“Our Young People Deserve an Education Where They Can Learn to be Critical Thinkers.”
Last week Drexel’s Center for the Prevention of School-Aged Violence awarded Leticie Almiron with their first Violence Prevention Award for a Teacher. Below is her speech which highlights how the underfunding of schools is violent:
I have been working with children for many years and I have witnessed the conditions many of them have to live with and face every day. Elementary Education is the foundation to learning how to read, write and understand basic math skills. This is where children develop their love for learning and can start to build a level of self-confidence that is needed to feel successful. However, many children either never gets to feel like a successful student or lose that feeling way too early in their educational career. Unfortunately, our classrooms are overcrowded and underfunded to give each child an adequate, quality, and fair education.
This causes our children to act violent out of frustration because no one is able to meet all of their physical, emotional, social and educational needs. They start to slip through the cracks in the school system at an early age and we all need to speak out and fight for the future of our young children and our next generation of citizens.
As a new teacher it wasn’t easy to speak up to administrators and coaches in my school, but I knew it was necessary to do so if I wanted my students to be successful. I have been able to keep my class size under 20 students and have challenged many decisions made to get what I feel my students need in my classroom.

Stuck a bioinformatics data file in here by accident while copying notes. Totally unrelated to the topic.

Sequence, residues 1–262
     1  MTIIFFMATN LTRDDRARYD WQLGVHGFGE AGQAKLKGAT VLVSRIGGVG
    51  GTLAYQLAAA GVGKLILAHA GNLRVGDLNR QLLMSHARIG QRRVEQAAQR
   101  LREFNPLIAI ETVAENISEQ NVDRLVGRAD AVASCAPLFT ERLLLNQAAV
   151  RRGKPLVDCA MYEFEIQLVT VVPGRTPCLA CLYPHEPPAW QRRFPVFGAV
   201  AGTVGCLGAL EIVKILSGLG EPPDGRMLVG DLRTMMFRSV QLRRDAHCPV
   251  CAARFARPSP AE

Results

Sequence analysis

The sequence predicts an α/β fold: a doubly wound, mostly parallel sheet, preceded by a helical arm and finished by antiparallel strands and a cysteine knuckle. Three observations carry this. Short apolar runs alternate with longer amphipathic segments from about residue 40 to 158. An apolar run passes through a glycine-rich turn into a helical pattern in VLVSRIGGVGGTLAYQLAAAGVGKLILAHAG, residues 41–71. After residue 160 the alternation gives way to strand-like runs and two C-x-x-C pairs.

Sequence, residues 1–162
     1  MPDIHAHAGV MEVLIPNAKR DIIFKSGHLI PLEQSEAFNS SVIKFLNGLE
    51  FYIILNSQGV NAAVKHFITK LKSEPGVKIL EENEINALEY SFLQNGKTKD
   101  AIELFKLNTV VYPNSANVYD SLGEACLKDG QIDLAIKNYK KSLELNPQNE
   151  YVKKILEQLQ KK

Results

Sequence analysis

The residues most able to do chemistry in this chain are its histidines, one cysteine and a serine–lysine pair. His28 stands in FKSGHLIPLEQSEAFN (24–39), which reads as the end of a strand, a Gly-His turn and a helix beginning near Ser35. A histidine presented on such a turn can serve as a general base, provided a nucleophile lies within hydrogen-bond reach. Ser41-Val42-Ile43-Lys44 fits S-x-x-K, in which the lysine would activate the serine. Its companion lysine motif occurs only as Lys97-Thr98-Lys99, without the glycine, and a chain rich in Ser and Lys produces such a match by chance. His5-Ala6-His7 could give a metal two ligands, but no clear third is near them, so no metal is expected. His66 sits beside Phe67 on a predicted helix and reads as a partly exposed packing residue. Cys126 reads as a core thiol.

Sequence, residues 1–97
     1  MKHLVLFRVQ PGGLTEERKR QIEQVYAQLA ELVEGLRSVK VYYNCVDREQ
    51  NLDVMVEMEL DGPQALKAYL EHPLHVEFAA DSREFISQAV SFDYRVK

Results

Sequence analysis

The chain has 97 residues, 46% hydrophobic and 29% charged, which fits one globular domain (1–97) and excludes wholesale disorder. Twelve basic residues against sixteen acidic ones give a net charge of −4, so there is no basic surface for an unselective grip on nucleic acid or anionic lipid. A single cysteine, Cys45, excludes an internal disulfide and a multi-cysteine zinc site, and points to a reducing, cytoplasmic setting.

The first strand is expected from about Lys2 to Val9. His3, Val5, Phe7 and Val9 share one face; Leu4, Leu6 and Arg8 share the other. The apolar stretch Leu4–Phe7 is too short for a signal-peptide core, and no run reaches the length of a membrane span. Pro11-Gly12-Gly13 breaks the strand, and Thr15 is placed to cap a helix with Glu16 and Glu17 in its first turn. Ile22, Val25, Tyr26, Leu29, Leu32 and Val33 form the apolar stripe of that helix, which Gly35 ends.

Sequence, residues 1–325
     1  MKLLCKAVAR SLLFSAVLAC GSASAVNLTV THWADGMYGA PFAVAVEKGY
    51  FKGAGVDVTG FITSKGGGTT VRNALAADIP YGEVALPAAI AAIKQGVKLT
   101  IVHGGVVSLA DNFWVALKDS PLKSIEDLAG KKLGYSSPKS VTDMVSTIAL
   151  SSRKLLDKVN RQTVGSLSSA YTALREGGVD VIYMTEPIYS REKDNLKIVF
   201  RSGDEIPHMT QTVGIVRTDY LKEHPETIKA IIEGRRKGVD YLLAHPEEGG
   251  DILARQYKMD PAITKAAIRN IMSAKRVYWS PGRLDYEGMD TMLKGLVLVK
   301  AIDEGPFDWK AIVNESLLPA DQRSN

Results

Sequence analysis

Every day and every new school year brings different challenges and now many programs are being cut out or altered due to a lack of local, state and federal funding. Our young people deserve an education where they can learn to be critical thinkers and develop a true understanding on how to be productive citizens in our society. I propose three solutions that will require your active participation and true commitment to complete.
Make your voice and opinions heard. Don’t stop even if you’re the only one.
Be involved in your child’s education, your community and schools. Talk to their teachers, principals and your neighbors. Listen and support each other to better serve our young people.
Last but not least, organize a movement that can start a change. Put actions to your thoughts and fight for that change. Trust our young people to know what they need in their schools and classroom.